Anything that causes water to move can cause a wave: earthquakes, underwater landslides, changes in atmospheric pressure, underwater volcanic eruptions, the movement of ships, or even a fish jumping. The most common cause of surface waves in the ocean, however, is the wind blowing across the water. Once set in motion by the wind, as long as the wave is in deep water, the energy of the waves is passed from water particle to water particle without the water actually moving. The size of a wave depends on how long the wind blows, the strength of the wind, and the distance the wind blows, known as the fetch.


Tides are huge “waves” that are caused by the gravitational attraction between the earth, the moon and, to a lesser extent, the sun. High tide is the crest of the wave and low tide is the trough of the wave. All objects have a gravitational attraction to each other. The amount of gravitational attraction between two objects depends on how close together they are and how large they are. Because the moon is closer to the earth it has a greater effect on the earth’s tides than the sun does, even though the sun is much larger.


Currents are rivers of water in the ocean. The two major types of currents are surface currents and density currents.

Surface currents are driven by the wind. Friction between the wind and the water sets these currents in motion. The winds that drive surface currents are the Westerlies that blow west to east at 40 degrees to 50 degrees latitude and the trade winds that blow east to west at 20 degrees latitude.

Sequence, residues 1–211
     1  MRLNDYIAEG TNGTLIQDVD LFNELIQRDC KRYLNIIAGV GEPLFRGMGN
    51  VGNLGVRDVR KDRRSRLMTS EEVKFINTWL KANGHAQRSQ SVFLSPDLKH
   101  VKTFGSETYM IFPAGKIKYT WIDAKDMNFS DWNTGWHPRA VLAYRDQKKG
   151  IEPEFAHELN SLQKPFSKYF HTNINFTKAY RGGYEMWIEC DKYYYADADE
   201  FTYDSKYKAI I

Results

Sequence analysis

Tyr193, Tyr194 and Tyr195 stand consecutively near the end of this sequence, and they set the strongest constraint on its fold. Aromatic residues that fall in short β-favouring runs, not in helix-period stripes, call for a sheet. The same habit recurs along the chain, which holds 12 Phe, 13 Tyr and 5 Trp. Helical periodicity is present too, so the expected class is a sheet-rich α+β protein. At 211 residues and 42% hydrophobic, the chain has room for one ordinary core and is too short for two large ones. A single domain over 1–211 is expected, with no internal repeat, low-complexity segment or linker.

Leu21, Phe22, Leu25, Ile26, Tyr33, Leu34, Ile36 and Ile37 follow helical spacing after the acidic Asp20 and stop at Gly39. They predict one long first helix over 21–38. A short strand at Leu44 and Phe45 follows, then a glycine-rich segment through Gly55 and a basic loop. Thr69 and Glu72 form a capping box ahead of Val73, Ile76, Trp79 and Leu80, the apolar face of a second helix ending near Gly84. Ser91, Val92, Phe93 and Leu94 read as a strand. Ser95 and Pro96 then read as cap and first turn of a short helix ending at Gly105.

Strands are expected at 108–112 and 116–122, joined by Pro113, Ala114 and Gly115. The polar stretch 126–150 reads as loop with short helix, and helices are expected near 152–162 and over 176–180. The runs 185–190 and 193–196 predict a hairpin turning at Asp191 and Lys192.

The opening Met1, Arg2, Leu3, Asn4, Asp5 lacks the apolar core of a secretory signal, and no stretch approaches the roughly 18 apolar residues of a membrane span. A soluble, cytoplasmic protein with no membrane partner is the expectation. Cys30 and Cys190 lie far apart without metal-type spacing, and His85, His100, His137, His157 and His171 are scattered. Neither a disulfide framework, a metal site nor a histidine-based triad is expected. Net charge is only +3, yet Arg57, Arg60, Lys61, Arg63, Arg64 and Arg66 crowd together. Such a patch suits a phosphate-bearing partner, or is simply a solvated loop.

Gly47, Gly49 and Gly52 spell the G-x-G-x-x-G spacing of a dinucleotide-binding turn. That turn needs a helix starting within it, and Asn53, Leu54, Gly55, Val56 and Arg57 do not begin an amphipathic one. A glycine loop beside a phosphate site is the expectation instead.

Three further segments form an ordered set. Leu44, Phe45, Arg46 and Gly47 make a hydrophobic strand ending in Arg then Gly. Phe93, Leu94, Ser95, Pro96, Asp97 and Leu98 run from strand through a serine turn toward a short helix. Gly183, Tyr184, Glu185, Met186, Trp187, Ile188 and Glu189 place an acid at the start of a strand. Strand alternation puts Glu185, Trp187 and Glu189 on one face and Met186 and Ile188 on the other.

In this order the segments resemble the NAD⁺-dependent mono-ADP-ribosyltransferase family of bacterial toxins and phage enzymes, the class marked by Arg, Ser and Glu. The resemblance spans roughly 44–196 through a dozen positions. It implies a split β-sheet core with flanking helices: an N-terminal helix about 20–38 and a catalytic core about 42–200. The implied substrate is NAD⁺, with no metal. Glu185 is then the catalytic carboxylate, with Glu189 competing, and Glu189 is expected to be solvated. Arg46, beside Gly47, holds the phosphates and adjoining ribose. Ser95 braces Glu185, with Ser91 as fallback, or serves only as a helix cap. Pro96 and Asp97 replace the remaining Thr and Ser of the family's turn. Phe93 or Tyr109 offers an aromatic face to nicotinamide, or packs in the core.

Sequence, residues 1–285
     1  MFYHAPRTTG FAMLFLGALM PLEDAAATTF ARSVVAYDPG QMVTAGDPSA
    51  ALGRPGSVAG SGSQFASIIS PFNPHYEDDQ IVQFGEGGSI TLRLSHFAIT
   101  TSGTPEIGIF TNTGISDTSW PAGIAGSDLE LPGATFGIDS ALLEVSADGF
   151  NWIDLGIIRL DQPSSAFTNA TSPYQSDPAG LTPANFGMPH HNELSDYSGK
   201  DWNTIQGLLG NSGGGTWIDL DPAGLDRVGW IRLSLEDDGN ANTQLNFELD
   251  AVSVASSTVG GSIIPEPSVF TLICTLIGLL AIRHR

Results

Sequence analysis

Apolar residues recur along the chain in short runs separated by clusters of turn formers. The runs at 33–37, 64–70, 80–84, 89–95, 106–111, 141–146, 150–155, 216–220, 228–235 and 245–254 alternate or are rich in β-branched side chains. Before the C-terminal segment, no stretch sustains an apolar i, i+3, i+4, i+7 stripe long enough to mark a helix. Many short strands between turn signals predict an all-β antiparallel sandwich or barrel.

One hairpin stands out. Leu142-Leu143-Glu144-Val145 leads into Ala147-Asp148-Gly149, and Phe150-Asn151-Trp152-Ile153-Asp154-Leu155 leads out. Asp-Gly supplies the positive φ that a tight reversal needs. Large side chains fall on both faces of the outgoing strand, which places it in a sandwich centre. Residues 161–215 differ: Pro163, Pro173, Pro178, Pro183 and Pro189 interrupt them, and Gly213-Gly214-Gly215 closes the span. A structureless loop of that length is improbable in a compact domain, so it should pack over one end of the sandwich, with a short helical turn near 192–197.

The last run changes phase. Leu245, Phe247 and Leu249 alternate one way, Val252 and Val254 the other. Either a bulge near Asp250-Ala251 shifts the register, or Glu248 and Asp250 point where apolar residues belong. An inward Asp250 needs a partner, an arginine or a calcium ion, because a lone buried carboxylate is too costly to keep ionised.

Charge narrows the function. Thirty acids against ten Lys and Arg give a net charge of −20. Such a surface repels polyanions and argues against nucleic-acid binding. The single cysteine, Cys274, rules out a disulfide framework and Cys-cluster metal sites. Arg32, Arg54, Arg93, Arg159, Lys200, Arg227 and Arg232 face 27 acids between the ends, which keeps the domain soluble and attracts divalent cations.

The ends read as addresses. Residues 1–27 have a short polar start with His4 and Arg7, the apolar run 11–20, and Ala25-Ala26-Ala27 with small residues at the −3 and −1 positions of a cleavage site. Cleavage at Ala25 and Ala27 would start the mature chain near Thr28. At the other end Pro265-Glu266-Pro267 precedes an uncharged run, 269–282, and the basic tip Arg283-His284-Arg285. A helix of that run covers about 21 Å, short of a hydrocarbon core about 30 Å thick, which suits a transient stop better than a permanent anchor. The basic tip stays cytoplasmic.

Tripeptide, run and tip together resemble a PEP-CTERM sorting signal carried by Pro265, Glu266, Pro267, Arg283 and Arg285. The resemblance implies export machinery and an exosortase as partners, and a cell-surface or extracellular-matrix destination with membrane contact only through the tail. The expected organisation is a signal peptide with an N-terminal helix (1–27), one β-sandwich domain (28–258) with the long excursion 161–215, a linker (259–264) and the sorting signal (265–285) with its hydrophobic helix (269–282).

The Beach

The beach forms at the edge of an island between the ocean and the sand dunes. The sand is deposited by waves and currents and is then blown around by the wind to create dunes. The beaches of Georgia’s undeveloped islands are made mostly of fine-grain sand. The beaches are fairly wide and slope gently toward the ocean. This harsh environment is a moderate energy area because the waves from distant storms release their energy as they roll up onto the beach. Winds keep sand in constant motion. In the summer the prevailing winds along the east coast blow from the southwest and in the winter from the northwest. The profile of the beach changes from a broad flat beach in the summer to a narrower and steeper beach in the winter.

Mission Statement

The Coastal Resources Division of Georgia DNR is the state agency entrusted to manage Georgia’s marshes, beaches, Marine waters and marine fisheries for the benefit of present and future generations.

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